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Primer – Artificial Intelligence, Human Rights, Democracy, and the Rule of Law

The Alan Turing Institute and the Council of Europe: Primer – Artificial Intelligence, Human Rights, Democracy, and the Rule of Law: “…It is a remarkable fact that rapid advancements in artificial intelligence (AI) and data-driven technologies over the last two decades have placed contemporary society at a pivot-point in deciding what shape the future of humanity will take. On the one hand, the flourishing of societally beneficial AI innovation promises, among other things, to help us tackle climate change and biodiversity loss; to equitably improve medical care, living standards, transportation, and agricultural production; and to address many of the social injustices and material inequalities that beset today’s world. On the other hand, the proliferation of irresponsible AI innovations is revealing warning signs of the potential troubles that may lie ahead if the advancement of these technologies continues on its current worrying trajectory. We see these warning signs, for instance, in the growing risks to cherished rights to privacy, self- expression, association, and consent, as well as to other civil liberties and social freedoms, that digital surveillance infrastructures like live facial recognition now increasingly pose. We see them in the transformative effects already apparent in the broad-scale proliferation of individual-targeting algorithmic curation and data-driven behavioural manipulation which have bolstered the revenues of Big Tech platforms all while fostering global crises of social distrust, contagions of disinformation, and heightening levels of cultural and political polarisation. We see them too in the way that the application of predictive risk models and algorithmically-enhanced digital tracking capacities in high impact areas like law enforcement has functioned to reinforce and further entrench patterns of structural discrimination, systemic marginalisation, and inequality. Recognising the need for democratically-led human intervention in setting AI innovation on the right track, the Council of Europe’s Committee of Ministers adopted the terms of reference, in September 2019, for the Ad Hoc Committee on Artificial Intelligence (CAHAI). The CAHAI is charged with examining the feasibility and potential elements of a legal framework for the design, development, and deployment of AI systems that accord with Council of Europe standards across the interrelated areas of human rights, democracy, and the rule of law. As a first and necessary step in carrying out this responsibility, the CAHAI’s Feasibility Study, adopted by its plenary in December 2020, has explored options for an international legal response that fills existing gaps in legislation and tailors the use of binding and non-binding legal instruments to the specific risks and opportunities presented by AI systems. The Study examines how the fundamental rights and freedoms that are already codified in international human rights law can be used as the basis for such a legal framework. It proposes nine principles and priorities that are fitted to the novel challenges posed by the design, development, and deployment of AI systems. When codified into law, these principles and priorities create a set of interlocking rights and obligations that will work towards ensuring that the design and use of AI technologies conform to the values of human rights, democracy, and the rule of law. The Feasibility Study concludes that current rules and legal regimes are neither adequate for safeguarding these basic values as they pertain to AI, nor suitable, in and of themselves, for creating an AI innovation environment that can be deemed sufficiently trustworthy for steering AI and data-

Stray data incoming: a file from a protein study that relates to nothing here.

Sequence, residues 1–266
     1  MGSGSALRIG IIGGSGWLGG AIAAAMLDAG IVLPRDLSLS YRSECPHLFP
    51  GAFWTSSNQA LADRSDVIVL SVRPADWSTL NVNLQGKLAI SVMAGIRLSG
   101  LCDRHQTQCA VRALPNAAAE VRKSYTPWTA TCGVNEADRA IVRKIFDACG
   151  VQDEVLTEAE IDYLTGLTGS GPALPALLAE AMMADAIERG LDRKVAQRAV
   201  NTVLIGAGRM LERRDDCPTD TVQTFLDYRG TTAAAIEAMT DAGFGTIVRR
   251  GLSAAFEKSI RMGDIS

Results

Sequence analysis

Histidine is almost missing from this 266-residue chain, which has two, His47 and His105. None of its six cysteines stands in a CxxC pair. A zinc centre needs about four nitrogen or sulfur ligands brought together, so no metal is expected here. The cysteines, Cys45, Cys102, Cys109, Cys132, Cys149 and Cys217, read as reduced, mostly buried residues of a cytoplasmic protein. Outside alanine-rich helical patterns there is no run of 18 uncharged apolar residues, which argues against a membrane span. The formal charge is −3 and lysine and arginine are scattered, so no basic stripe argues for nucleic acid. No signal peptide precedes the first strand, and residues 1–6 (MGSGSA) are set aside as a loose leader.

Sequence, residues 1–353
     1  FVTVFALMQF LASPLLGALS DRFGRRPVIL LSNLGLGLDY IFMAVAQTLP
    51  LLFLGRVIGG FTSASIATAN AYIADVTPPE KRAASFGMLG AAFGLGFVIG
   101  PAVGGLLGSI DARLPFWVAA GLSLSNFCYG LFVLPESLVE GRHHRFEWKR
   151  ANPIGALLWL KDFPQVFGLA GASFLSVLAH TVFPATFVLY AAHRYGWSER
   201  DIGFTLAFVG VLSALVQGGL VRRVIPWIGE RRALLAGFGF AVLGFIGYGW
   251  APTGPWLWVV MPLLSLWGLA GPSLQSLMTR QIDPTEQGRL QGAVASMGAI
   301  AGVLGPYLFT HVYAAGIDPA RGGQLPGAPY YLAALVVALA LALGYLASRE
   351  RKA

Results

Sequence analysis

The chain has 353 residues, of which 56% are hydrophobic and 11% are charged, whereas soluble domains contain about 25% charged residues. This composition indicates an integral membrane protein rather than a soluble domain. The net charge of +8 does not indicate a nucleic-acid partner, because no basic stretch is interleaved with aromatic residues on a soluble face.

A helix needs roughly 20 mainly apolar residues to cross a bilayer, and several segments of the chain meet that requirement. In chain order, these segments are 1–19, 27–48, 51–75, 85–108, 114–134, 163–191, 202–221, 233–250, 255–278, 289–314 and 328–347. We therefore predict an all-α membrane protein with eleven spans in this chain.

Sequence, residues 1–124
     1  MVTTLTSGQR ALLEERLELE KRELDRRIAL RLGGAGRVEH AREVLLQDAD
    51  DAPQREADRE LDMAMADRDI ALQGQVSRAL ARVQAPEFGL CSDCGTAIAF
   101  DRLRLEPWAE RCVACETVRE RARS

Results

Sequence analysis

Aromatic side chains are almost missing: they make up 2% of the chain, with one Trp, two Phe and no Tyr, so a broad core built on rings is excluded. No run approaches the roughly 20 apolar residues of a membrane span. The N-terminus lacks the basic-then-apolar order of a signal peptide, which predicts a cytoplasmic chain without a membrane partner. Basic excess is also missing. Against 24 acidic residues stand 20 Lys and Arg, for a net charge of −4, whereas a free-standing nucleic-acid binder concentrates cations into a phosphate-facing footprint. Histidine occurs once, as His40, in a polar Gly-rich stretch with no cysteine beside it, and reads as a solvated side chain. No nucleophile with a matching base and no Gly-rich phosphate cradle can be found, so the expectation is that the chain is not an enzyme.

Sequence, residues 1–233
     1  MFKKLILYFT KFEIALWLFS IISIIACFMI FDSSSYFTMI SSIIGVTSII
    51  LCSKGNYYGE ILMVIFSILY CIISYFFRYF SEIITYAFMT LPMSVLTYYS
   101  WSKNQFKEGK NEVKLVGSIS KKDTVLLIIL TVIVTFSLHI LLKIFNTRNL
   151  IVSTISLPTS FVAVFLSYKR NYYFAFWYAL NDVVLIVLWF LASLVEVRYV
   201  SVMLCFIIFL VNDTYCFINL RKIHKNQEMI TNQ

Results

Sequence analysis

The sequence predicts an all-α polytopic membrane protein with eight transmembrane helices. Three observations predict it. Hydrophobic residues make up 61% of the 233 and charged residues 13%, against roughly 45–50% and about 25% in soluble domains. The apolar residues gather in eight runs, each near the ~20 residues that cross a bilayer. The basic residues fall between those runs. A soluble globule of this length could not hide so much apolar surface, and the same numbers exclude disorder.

intensive technologies in the right direction. A new legal framework is needed. The purpose of this primer is to introduce the main concepts and principles presented in the CAHAI’s Feasibility Study for a general, non-technical audience. It also aims to provide some background information on the areas of AI innovation, human rights law, technology policy, and compliance mechanisms covered therein. In keeping with the Council of Europe’s commitment to broad multistakeholder consultations, outreach, and engagement, this primer has been designed to help facilitate the meaningful and informed participation of an inclusive group of stakeholders as the CAHAI seeks feedback and guidance regarding the essential issues raised by The Feasibility Study.”

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